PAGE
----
TPB officials push into Middle East market by attending Dubai expo

TPB COO Ma. Anthonette Velasco-Allones

AS the Philippines reopens to foreign tourists from visa-free countries on February 10, hopes are high that a good-sized number of them will be coming from the Middle East (ME).

The country’s tourism officials are currently in Dubai to attend the much-delayed Dubai Expo 2020, where the Philippines Pavilion—  spanning 1,386 square meters on a 3,163.25-sq-m lot—is reputed to be the largest the Philippines has ever showcased in any expo.

Messaging from Dubai, Tourism Promotions Board (TPB) COO Ma. Antonette Velasco-Allones told the BusinessMirror she was elated with the number of meetings that has been requested with her. These include an audience with counterpart tourism officials and dialogues with travel buyers. “Despite the pandemic, this shows we are still top of mind in many markets,” she said.

Velasco-Allones and other tourism officials will also attend the celebration of Philippines National Day in Dubai on February 11 and launch the Philippine Food Festival in Abu Dhabi on February 12. TPB is the marketing arm of the Department of Tourism (DOT). The Dubai Expo is ongoing until March 31, 2022.

Prior to the pandemic, in 2019, arrivals from the ME slipped by 10.4 percent to 73,703, although the drop was smaller than the 11.34-percent fall to 82,251 in 2018. Visa-free countries in the ME include Bahrain, Kuwait, Oman, Qatar, Saudi Arabia, and the United Arab Emirates (UAE).

‘Create the demand’

According to the National Tourism Development Plan for 2016-2022, the ME, along with India and Russia, are considered “opportunity markets” or “new emerging markets” due to their large populations. However, “demand has to be created if not improved” and the Philippines has to foster closer business relationships with their travel trade sector, “[through] the development of tour programs and itineraries [and] invitational trips….”

The NTDP added, “The continued presence in travel trade fairs held in the primary urban capitals will also be a vehicle to create interest in the trade. The web and social media can be a cost efficient tool for both general publicity and advertising purposes.” Due to the Covid-19 travel restrictions and their impact on global tourism, the DOT has yet to pin down actual tourist arrivals per market.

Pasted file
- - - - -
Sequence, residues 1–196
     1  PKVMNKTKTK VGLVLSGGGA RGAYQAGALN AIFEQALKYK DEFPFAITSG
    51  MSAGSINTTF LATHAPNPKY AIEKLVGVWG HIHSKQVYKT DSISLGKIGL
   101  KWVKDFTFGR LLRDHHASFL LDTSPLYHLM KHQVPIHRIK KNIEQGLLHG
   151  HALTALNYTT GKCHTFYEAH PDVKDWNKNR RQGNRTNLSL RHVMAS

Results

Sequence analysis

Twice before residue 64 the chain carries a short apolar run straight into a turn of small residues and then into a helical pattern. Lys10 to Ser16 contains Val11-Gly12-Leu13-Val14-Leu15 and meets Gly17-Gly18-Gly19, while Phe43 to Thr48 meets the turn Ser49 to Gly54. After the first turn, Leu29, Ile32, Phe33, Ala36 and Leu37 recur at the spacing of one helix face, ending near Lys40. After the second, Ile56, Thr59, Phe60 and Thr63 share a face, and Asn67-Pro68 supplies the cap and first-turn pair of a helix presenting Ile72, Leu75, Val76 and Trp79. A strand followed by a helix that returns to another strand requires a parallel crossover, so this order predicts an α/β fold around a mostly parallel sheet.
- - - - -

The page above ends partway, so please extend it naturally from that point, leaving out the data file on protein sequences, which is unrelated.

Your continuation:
The DOT had earlier projected a 31.5 percent increase in visitor arrivals from the ME to 108,170 in 2019, with Saudi Arabia, the UAE, and Kuwait accounting for the largest shares.

Shopping and sightseeing are the main activities of the tourists from the ME, and among the main purposes of visit are for pleasure or vacation, business, and visiting friends and relatives.

Philippines Pavilion

The DOT has identified the need for more Halal restaurants and Arabic speakers as a key to attracting more visitors from ME.

Meanwhile, the Philippines Pavilion, dubbed “Bangkota,” was designed by architects Budji Layug and Royal Pineda. “Bangkota” means coral reef in old Tagalog, and evokes the character of the country’s citizens and their global impact. “The Filipino—much like a coral reef—grows into colonies, spread out all over the world; and yet still connected by migration, travel, and technology,” according to the design notes on the pavilion.

Bangkota is located in the Sustainability District of the expo and has art pieces by renowned Filipino artists, anchoring specific spaces in the pavilion. It also showcases artisanal, contemporary and practical luxury products and designer pieces, crafted locally, and the Mangrove Restaurant, which features delectable Filipino dishes.


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